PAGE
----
Not so, according to coach Mike McCarthy. "Our players still want to play,” were his words when asked if the Packers were considering pulling a 2009 Colts and resting their starters instead of chasing perfection.

Plans change quickly in the NFL, but at least for now it sounds like you can count on having Aaron Rodgers and company available for the final two weeks of the fantasy playoffs. “And company” includes James Jones, who should pick up a ton of Jennings’ lost snaps. Even if rookie Randall Cobb ends up taking most of Jennings’ slot routes, Jones should get enough looks to be a sneaky WR3 down the stretch. One of the more dynamic after-the-catch receivers in all of football, all Jones has lacked this season is opportunity.       

Another Wednesday, another day of no-shows at Raiders practice. Although Denarius Moore (ankle) was able to participate in his first Wednesday practice in a month, Jacoby Ford (foot) and Darren McFadden (foot) were both their usual “DNPs.”

The outlook is less bleak for Ford. After turning in a limited practice last Friday, Ford was able to get in some side work yesterday, and is reportedly able to do everything on his injured foot but cut. What that means for his Week 15 status still isn’t clear, but unlike McFadden, the Raiders’ would-be No. 1 receiver is finally making tangible signs of progress.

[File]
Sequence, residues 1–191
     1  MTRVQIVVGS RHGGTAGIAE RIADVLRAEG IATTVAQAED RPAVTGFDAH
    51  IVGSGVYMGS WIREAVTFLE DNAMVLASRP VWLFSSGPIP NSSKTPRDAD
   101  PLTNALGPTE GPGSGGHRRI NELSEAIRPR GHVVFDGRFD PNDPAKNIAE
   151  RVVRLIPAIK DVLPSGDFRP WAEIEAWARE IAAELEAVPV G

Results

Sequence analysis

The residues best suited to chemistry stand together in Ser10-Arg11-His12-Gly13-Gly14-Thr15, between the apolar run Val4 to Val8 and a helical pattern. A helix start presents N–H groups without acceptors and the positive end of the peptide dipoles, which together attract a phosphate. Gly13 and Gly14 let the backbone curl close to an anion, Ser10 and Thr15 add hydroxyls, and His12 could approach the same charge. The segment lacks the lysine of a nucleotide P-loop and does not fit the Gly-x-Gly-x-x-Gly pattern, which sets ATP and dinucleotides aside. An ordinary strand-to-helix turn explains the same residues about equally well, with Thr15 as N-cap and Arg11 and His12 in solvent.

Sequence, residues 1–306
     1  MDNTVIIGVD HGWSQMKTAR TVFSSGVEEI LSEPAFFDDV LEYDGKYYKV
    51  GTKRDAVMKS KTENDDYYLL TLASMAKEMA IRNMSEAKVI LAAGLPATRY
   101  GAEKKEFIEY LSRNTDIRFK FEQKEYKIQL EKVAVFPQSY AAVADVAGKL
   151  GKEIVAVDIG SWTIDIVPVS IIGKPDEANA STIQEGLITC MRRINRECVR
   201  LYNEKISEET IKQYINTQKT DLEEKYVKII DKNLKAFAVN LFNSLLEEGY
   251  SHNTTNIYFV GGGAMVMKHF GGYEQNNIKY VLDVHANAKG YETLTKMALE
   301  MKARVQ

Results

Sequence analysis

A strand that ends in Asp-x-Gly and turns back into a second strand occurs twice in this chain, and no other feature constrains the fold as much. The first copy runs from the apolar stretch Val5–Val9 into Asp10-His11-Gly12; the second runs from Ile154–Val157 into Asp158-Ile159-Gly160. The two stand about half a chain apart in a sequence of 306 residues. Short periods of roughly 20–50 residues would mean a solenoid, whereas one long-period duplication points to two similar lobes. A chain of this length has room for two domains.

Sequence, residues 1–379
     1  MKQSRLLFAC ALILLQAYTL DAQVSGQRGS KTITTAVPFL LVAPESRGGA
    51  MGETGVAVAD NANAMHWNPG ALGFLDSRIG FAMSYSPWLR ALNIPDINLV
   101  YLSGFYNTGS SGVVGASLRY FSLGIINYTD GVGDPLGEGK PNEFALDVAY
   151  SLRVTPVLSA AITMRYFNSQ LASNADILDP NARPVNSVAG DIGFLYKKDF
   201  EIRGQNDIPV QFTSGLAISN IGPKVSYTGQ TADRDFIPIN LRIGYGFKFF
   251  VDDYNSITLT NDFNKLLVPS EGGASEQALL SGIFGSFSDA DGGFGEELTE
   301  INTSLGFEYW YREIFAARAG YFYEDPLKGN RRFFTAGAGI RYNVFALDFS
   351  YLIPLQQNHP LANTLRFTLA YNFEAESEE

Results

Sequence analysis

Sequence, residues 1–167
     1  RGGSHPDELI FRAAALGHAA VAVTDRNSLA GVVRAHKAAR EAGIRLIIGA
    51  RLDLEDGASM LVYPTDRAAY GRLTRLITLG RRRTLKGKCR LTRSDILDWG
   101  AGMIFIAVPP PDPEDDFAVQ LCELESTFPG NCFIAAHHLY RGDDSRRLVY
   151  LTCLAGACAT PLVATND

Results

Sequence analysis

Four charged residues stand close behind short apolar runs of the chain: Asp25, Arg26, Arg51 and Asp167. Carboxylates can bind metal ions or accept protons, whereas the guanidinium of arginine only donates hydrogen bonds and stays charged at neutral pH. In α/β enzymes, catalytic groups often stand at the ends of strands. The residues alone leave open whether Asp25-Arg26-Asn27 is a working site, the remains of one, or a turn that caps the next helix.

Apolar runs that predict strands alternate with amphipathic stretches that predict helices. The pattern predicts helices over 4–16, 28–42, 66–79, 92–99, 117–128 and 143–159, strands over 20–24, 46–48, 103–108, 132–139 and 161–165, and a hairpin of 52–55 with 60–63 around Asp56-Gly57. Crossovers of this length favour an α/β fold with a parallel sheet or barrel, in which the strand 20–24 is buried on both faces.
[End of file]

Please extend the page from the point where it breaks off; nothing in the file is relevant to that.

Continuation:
Julio Jones (hamstring), Michael Turner (groin) and Harry Douglas (groin) are all listed as probable for tonight’s game. Coming off a three-catch, 104-yard, two-touchdown performance against the Panthers, Jones could be in for a massive night against a Jaguars secondary that’s opted to leave Drew Coleman in the slot and start journeyman Ashton Youboty and undrafted rookie Kevin Rutland at cornerback. … The same cannot be said for Turner. Averaging just 60 yards over his past three starts, he’s taking the ball 3.4 yards per carry since Week 12. Facing a Panthers’ run defense in Week 14 that’s made many plodders look like superstars, Turner could reel off only 76 yards on 21 carries. With Atlanta’s game-plan likely to focus on attacking Jacksonville’s unraveling secondary, Turner could be an afterthought if the Falcons don’t get out to a huge early lead. … Mike Thomas (concussion) and Cecil Shorts (hamstring) have both been ruled out for the Jaguars, leaving Jarett Dillard, Chastin West and Kassim Osgood as Blaine Gabbert’s top-three receivers. Tonight could be the low-point of what has been a disastrous rookie season for the No. 10 overall pick.